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Data breaches have unfortunately become a common occurrence. In the aftermath of breaches, some experts and pundits recommend consumers forgo fraud alerts and instead take the more aggressive measure of freezing their credit reports. If you're unsure which method is best for you, read about the differences between a credit freeze and a fraud alert.
Freezing your credit report can be a good move to help protect yourself from fraudsters stealing your information, opening accounts and spending money in your name. It also means that when you want to apply for credit, you will first need to unfreeze your report.
How to Unfreeze Your Credit Report
If you freeze your credit reports—which you have to do separately for each of the three major credit bureaus (Experian, Equifax and TransUnion)—you'll likely want to unfreeze your credit information in the future. The reasons can range from applying for a new credit card, getting a mortgage or signing up for a cell phone contract to buying a new car, applying for insurance or applying for a job where the employer wants to check your financial background.
Because you establish your credit freeze at each of the three credit bureaus individually, you will need to unfreeze them at each bureau as well.
You have two options for unfreezing your credit reports:
- Temporary lift: This allows creditors to check your file for a set length of time, then restores the freeze.
- Permanent removal: This leaves your reports open until you request another freeze.
To unfreeze your credit, you'll need to use the secure PIN, or personal identification number, that you received when you originally requested a freeze. In most cases, if you make the request online or by phone, the credit bureaus can lift a freeze in as little as 15 minutes, although the Federal Trade Commission gives them up to three business days. If you lose your PIN, you'll need to contact each bureau individually to either request a new PIN or permanently lift your freeze.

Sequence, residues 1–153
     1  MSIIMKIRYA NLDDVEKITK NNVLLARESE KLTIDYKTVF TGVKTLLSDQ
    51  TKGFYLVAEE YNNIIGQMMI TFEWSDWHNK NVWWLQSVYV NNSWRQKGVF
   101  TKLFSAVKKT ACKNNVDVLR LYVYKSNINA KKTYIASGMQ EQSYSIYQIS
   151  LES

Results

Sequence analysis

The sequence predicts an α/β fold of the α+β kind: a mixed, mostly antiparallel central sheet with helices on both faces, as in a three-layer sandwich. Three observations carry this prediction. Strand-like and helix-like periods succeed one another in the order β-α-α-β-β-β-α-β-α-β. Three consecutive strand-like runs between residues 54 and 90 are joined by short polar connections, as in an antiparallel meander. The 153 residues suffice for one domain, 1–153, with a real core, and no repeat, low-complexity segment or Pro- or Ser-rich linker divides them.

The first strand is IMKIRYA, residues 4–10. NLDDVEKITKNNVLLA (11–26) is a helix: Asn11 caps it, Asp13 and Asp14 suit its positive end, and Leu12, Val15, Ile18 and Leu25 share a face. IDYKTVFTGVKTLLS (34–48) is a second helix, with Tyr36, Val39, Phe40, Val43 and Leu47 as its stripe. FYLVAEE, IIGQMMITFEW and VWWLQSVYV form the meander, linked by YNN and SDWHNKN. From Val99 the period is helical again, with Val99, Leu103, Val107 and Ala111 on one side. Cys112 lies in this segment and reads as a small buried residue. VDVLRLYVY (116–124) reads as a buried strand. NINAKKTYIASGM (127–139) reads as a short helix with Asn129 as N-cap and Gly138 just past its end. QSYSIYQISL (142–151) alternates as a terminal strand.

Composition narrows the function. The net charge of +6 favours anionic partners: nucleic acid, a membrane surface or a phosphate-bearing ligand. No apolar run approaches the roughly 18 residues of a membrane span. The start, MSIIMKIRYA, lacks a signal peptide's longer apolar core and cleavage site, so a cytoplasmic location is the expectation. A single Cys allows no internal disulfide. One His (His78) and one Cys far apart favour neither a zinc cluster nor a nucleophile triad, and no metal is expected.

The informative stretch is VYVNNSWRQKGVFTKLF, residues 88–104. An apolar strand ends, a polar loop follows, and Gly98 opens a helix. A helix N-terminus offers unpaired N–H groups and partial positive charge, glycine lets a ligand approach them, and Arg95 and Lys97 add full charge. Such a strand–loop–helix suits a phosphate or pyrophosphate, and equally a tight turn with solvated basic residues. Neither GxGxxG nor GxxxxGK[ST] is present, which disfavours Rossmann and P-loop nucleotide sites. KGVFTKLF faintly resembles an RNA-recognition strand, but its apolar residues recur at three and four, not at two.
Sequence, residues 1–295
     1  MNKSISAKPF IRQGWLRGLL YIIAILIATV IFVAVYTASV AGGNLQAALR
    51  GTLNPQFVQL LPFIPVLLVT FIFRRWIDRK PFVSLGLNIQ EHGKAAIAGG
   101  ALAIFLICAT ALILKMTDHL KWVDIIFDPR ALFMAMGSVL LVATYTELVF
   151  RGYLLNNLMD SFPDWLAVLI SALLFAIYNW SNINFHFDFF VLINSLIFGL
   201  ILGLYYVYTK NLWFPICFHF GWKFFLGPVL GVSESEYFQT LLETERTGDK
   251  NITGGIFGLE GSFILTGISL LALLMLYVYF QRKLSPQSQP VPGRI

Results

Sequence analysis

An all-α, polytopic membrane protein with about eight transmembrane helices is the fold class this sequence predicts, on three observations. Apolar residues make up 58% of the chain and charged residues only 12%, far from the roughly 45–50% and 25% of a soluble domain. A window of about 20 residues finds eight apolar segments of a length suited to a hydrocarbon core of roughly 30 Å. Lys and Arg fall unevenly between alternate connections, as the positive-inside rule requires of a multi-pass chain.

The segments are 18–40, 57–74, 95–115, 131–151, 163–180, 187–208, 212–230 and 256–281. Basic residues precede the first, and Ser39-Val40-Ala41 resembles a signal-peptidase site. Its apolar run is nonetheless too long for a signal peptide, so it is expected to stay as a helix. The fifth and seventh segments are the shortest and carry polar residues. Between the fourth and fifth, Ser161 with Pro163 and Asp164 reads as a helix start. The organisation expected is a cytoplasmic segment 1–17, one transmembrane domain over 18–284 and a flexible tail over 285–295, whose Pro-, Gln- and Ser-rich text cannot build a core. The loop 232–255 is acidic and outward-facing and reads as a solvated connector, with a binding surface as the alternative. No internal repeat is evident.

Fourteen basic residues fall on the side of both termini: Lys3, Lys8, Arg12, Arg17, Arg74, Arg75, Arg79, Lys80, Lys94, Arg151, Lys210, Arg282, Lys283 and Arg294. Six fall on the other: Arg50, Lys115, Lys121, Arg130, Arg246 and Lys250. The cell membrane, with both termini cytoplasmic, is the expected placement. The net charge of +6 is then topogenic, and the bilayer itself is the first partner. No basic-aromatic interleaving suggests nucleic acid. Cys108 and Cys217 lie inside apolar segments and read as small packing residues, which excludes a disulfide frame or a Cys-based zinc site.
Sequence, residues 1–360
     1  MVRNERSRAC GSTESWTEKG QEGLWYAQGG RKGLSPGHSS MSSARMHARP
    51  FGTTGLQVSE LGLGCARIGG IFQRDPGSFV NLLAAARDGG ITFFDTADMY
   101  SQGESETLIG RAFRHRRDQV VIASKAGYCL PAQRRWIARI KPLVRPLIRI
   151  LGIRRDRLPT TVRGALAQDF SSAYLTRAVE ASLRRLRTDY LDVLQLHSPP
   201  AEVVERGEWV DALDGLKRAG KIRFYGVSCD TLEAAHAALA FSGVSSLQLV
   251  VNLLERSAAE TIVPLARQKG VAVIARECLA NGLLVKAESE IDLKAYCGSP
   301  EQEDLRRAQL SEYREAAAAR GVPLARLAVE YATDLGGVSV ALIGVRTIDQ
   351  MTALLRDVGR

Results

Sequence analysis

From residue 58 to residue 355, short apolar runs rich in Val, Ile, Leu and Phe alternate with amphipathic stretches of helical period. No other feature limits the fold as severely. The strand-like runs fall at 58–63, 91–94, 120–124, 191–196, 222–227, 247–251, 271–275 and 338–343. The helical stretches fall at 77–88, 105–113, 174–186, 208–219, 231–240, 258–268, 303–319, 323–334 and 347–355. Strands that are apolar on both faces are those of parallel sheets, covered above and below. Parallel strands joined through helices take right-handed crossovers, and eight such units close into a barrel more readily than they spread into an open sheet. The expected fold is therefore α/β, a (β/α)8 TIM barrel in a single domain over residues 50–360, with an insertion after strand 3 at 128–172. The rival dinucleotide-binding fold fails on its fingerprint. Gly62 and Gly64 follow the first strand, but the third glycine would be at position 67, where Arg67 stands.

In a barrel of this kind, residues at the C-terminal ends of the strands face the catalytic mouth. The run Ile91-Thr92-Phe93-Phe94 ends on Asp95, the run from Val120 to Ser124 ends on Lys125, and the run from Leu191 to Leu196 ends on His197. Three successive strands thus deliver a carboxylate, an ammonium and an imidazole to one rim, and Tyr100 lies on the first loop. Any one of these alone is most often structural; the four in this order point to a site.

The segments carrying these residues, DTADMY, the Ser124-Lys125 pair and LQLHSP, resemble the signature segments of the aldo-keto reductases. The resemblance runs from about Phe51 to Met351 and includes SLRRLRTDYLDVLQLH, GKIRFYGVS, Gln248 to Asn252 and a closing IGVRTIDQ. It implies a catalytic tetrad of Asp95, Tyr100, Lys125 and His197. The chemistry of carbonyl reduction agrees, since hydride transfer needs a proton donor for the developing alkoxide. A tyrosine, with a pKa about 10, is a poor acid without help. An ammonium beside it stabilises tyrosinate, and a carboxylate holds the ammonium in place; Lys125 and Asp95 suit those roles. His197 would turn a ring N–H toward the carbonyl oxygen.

How Much Does It Cost to Unfreeze Your Credit?
Prior to September 2018, state regulators controlled the fees charged for freezing and unfreezing credit reports. But thanks to a new nationwide law, the process of freezing is now simplified and free for all, no matter what state you reside in.
CreditLock for Experian Members
If you want the ability to lock and unlock your Experian credit report on the fly from your smartphone or Experian app without a PIN or a waiting period, Experian CreditWorksSM or Experian IdentityWorksSM members can do that through Experian CreditLock. Just like a credit freeze, CreditLock will prevent potential lenders from accessing your credit report, and Experian will alert you if we detect attempts to access your credit file while it is in a locked state.
Online Credit Freeze Resources
For more information and help with freezing and unfreezing your credit reports with the three major credit bureaus, check out these resources:
Editorial Disclaimer: Opinions expressed here are author's alone, not those of any bank, credit card issuer or other company, and have not been reviewed, approved or otherwise endorsed by any of these entities. All information, including rates and fees, are accurate as of the date of publication.
This article was originally published on September 20, 2017, and has been updated.